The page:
For my book, The Early Malay Doctors (TEMD), the word "Malay" is all encompassing. It includes all Muslims, regardless of ethnic origin. So, "Malay" would mean: a label to include all who eat mainly rice as their staple (nasi putih, nasi biryani) either with their right hand/fork & spoon/chopsticks, or breads as alternative (roti canai, roti jala, murtabak) and sometimes noodles (mi goreng, mi bandung, spaghetti) and wear clothes according to their various cultures and customs, covering most parts of their torso, that go to show modesty rather than revealing clothes. So a Malay may appear very Chinese, very Indian, very Orang Asli, very Mat Salleh, very Black, very Melayu, to the moderate not so Chinese, not so Indian, not so Orang Asli, not so Mat Salleh, not so Black, not so Melayu, to pan-Asian features.
|A Malay wedding reception|
The JHEOA describes the Orang Asli (Orang Asal) here: Jabatan Hal Ehwal Orang Asli
The book by Isabella Bird, "The Golden Chersonese: Travels in Malaya" in 1879 is available online and is hosted by Digital Library at http://digital.library.upenn.edu/women/bird/chersonese/chersonese.html#IX.
There is mention of the people who make up the population in Malacca, Penang (Pinang) and Singapore at the time of her visit.
She described the Malays as follows: "The people lead strange and uneventful lives. [....] They seclude their women to a great extent, and under ordinary circumstances the slightest courtesy shown by a European man to a Malay woman would be a deadly insult; and at the sight of a man in the distance the women hastily cover their faces.
Singapore Census 1881
For the Singapore census of 1881, the people were grouped as: Europeans and Americans, Eurasians, Chinese, Malays and other natives of the Archipelago, Tamils and other natives of India, and Other nationalities. The Arabs were not categorised with the Malays. Among the Europeans, the Germans were next largest after the British. It mentioned Manilamen instead of Filipinos.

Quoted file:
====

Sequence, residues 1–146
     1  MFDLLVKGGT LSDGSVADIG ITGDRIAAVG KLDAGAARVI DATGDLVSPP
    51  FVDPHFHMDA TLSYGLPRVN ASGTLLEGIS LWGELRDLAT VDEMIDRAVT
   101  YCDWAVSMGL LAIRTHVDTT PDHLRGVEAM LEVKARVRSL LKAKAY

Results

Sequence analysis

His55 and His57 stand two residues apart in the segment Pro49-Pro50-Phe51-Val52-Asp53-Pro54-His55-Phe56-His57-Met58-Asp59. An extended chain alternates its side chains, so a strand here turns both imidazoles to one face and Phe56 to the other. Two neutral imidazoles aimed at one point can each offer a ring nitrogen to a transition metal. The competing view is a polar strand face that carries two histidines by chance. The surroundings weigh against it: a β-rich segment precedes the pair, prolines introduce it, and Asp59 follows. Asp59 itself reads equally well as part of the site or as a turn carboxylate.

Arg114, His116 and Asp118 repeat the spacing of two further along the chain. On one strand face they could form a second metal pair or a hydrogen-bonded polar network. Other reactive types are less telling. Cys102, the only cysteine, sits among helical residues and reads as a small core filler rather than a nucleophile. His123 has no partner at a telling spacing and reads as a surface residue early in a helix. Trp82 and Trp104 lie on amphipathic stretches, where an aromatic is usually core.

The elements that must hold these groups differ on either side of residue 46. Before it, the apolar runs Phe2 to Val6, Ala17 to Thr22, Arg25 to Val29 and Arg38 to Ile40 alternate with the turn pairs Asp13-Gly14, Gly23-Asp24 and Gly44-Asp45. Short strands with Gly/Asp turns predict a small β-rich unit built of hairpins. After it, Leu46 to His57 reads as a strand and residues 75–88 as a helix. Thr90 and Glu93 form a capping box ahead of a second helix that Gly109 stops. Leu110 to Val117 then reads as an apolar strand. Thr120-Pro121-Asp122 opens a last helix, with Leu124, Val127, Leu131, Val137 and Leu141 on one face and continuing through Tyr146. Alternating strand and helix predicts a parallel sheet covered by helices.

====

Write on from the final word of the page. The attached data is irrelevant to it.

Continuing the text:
Europeans and Americans 823
Malays and other natives of the Archipelago 6,954
Tamils and other natives of India 637
Other nationalities 559
The European resident population, exclusive of the soldiers, is only 1,283. The Europeans comprise 19 nationalities, including the British (largest) and Germans (second largest).
The Chinese population is 86,766; the Malay, 22,114; the Tamil, 10,475; the Javanese, 5,881; and the Eurasian, 3,091.
"Malays and other natives of the Archipelago" included, Achinese, Boyanese, Bugis, Dyaks, Jawi-Pekans, and Manilamen.
"Other nationalities" included Arabs.
Settlement of Malacca Census 1881
The total population of the territory is 93,579 (52,059 males and 41,520 females), an increase in ten years of 15,823. The Chinese population has increased by 6,259 or 46.4 per cent., and the Malays by 11,264, or 19.3 per cent.
European 32 (23 males and 9 females)
Eurasian (mainly of Portuguese mixed blood) 2,213
Chinese 19,741 (4,020 being females)
Malay 67,488 (the females being 2,000 in excess of the males)
Tamils or Klings 1,781
Aborigines of the Peninsula 308
Other 174 (stray Achinese, Africans, Anamese, Bengalis, Bugis, Dyaks, Manilamen, Siamese, and Singhalese)
Natives of India 42%
Other nationalities 48.9%
The town of Malacca contains 5,538 houses, and the country districts 11,177. The area of the settlement is 640 square miles, and the density of the population 146 to the square mile; only twelve of the population are lunatics.
- there is mention -